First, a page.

Synthetic materials, such as acrylic and polyester, should be cleaned directly with a mild detergent. Use a commercial laundry bar or cleansing powder (such as borax). Work the detergent in from the underside of the stain so as not to rub the stain in deeper, and use plenty of cold, running water.
To clean rust from flannel and cotton, apply lemon juice to the stain and pat cream of tartar on top of the affected area. This should draw the stain out. Rinse with fresh, cold water before the lemon juice dries. If there is still some discoloration, try applying lemon juice and exposing it to sunlight for 20 to 30 minutes.
When dealing with more delicate items such as silk, leather and suede, it is best that you bring the item to a professional cleaner. These materials are far too temperamental to attempt removal without some level of expertise.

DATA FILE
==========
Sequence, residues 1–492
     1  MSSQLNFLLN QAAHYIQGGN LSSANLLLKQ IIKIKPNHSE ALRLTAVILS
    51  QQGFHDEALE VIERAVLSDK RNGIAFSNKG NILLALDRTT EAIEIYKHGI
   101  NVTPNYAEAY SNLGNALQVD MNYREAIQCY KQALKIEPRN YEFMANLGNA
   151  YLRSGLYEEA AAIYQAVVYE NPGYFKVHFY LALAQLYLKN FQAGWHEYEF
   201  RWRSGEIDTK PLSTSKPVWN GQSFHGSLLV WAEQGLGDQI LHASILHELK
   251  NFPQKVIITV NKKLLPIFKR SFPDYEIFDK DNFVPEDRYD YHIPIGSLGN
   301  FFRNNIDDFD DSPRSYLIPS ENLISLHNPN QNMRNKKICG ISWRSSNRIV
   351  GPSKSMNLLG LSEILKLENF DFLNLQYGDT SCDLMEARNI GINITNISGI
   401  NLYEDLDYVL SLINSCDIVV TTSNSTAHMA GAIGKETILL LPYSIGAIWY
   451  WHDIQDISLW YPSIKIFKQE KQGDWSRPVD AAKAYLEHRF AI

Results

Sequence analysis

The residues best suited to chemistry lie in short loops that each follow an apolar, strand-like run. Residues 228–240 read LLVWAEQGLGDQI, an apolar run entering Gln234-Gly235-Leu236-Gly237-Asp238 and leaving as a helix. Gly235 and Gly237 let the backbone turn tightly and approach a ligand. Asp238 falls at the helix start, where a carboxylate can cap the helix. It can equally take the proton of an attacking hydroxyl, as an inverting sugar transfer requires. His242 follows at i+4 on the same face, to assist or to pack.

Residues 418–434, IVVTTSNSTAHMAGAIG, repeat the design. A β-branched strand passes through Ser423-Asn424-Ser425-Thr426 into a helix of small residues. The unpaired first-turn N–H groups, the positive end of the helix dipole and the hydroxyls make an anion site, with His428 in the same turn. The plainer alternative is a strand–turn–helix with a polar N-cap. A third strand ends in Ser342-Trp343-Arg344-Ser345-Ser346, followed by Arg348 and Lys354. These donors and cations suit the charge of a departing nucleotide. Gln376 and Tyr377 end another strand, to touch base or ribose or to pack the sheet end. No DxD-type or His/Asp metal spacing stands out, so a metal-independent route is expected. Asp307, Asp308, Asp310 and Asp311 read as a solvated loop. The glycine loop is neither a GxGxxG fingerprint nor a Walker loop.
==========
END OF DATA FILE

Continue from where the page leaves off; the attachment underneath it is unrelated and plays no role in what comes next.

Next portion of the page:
To remove iron rust stains from vinyl or linoleum, use a dense sponge or washcloth with plenty of soapy water. Try to massage the stain out rather than scrub it out, as you do not want the rust particles to become ingrained.
When you want to remove iron stains from stainless steel, use the finest grain of sandpaper that you can find. Gently buff the area until the stain is just lifted. Apply sliced onion or mineral oil to any part of the surface that made contact with the sandpaper. Clean the area with soap and hot water; dry; and then polish with your favorite stainless-steel polish.
For stone, concrete, brick and granite, use soapy water and a brush or firm sponge. Again, the goal is not to scrub the iron rust particles into the surface, but to lift them away. Use firm, circular motions, but do not scrub. Rinse liberally.
Some of the rust removers that are marketed for metallic surfaces are actually quite fabric-safe. If using commercial rust stain removers, read the instructions and warnings thoroughly. Before using any method to remove iron rust stains from fabrics, test it on an inconspicuous area and allow it to dry. You don't want to do further damage.